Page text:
HTTPS enabled by default for logged-in users on Wikimedia sites

Today, August 28, the Wikimedia Foundation is making a change to the software that powers the Wikimedia projects: By default, all logged-in users will now be using HTTPS to access Wikimedia sites. What this does is encrypt the connection between the Wikimedia servers and the user’s browser so that the information sent between the two is not readable by anyone else. This is in response to the recent concerns over the privacy and security of our user community, and we explained the rationale for this change in our post about the future of HTTPS at Wikimedia.

What this means for you

How this works is simple: If a user wants to log in, they will be redirected to use HTTPS for the login, thus keeping their username and password secure. After they are logged in, they stay on the HTTPS version of the Wikimedia site they are using.

Excluded Countries

Some users live in areas where HTTPS is not an easy option, most times because of explicit blocking by a government. At the request of these communities, we have made an explicit exclusion for users from those affected countries. Simply put, users from China and Iran will not be required to use HTTPS for logging in, nor for viewing any Wikimedia project site.

Disabling

Are you having a slow or unreliable experience while browsing Wikimedia sites over HTTPS? Then you can turn HTTPS off in your user preferences, under the “User profile” tab: Uncheck “Always use a secure connection when logged in”. You will need to log out and log in again for the preference to take effect. But remember, you will still need to log in using the secure HTTPS process.

HELP!

For further details, please see the HTTPS page on Meta-Wiki, which is available in several languages.
Are you unable to log in and edit a Wikimedia wiki after this change? Please contact the Wikimedia Foundation Operations team via any means you find comfortable, including this blog post’s comments section, on IRC in the #wikimedia-operationsconnect channel, or via the https@wikimedia.org email address.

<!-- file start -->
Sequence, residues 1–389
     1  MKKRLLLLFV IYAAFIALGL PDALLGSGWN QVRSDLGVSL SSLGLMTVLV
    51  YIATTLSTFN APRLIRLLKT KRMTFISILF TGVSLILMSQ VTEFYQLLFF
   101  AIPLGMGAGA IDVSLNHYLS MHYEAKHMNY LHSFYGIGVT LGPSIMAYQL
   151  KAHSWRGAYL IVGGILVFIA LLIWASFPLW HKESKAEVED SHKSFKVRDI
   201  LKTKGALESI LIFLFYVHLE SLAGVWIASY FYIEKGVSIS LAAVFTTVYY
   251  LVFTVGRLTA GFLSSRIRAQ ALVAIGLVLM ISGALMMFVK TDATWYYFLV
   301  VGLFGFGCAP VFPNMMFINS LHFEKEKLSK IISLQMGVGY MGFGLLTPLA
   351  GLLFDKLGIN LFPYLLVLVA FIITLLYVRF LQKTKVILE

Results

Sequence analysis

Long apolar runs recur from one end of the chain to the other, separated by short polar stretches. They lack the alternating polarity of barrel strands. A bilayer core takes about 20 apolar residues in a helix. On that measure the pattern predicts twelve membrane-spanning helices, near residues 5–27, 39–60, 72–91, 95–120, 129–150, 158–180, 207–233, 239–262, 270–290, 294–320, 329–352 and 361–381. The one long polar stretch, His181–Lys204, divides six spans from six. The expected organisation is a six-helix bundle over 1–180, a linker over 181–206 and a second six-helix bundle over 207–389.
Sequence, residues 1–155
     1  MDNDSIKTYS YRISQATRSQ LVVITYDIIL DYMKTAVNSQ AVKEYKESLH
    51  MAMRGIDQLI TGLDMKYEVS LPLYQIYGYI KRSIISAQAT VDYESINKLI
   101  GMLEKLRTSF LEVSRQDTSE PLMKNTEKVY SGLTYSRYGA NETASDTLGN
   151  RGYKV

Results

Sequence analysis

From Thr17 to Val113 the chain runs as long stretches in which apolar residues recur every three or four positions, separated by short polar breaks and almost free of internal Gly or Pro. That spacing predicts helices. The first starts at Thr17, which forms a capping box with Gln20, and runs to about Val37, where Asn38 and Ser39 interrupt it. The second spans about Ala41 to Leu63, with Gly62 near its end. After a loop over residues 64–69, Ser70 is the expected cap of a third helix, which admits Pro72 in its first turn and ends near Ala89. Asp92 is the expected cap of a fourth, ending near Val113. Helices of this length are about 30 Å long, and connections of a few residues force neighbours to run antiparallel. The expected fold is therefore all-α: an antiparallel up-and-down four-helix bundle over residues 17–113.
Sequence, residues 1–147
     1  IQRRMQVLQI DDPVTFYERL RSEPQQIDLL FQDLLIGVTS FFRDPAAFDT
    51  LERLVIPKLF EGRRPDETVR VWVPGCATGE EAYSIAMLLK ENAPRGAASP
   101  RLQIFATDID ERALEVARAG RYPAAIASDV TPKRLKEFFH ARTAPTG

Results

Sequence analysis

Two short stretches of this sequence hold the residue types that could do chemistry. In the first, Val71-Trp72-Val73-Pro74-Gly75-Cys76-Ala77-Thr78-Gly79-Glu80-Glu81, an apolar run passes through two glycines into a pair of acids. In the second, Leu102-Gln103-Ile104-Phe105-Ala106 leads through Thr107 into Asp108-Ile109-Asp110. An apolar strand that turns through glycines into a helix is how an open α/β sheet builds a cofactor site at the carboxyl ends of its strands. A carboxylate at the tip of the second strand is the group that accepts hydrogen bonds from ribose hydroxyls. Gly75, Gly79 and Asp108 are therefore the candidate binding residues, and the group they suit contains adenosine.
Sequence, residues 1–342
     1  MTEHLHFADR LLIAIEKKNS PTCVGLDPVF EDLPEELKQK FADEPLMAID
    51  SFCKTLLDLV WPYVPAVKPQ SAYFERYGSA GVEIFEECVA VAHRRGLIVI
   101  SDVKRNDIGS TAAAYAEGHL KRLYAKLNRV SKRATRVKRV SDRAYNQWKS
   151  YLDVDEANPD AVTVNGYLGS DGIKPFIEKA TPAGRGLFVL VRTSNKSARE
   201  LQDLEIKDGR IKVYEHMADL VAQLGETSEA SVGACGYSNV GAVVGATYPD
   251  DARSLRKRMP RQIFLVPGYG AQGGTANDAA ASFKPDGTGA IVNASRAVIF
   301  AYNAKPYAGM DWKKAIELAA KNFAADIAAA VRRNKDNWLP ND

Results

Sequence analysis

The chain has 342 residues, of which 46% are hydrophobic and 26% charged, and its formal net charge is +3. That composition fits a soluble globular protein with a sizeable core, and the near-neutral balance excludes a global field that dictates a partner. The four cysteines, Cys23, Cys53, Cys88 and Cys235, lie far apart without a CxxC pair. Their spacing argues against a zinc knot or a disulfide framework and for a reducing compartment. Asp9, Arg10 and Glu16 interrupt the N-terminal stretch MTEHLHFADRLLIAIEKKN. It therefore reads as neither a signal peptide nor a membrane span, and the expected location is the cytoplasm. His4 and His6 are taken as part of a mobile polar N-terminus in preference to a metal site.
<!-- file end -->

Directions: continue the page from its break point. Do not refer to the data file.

Greg Grossmeier
Release Manager, Wikimedia Foundation

Archive notice: This is an archived post from blog.wikimedia.org, which operated under different editorial and content guidelines than Diff.

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Thank you very much! This is an excellent move for the privacy of users.

This is an excellent move, and while the costs of running SSL have gone down a lot recently, it stil isn’t cheap. I’ve just sent a donation to help cover the costs.
Would you have any idea of what enabling SSL for all unauthenticated users would entail?

Minor catch-22: because https is firewall-blocked, I can’t log in to access my user profile on WP to change preferences. So I “can[‘t] turn HTTPS off” ”Awkward!”

Great. Btw: what about digitally signing all emails send by the system as talk page information mails?
Ps. Why is this comment send over a non-encrypted line?

[…] HTTPS enabled by default for logged-in users on Wikimedia sites (wikimedia.org) […]

Unfortunately, I’m stuck on the https version of the page! I can’t go to the http version of the page. It’s still on by default. Please help! thanks!

[…] exact analyseren wie welk artikel op Wikipedia benadert. Om deze gegevens beter te beschermen, moeten aangemelde gebruikers sinds eind augustus versleutelde HTTPS-verbindingen gebruiken. Voor […]

Thank you for ensuring that WP is no longer “the encyclopedia that anyone can edit”. I’ll have so much more free time now.

[…] auch der Datenverkehr etwa bei einer HTTPS-Verbindung. Der spontane Jubel vieler Benutzer (“Thank you very much! This is an excellent move for the privacy of users“) war damit wohl etwas zu […]

This is an excellent move, and while the costs of running SSL have gone down a lot recently, it stil isn’t cheap. I’ve just sent a donation to help cover the costs.

This is true ?

UNCINETTO ARCHIVE,used https cookie

[…] HTTPS Everywhere, and when directed to our sites from major search engines. Additionally, all logged in users have been accessing via HTTPS since […]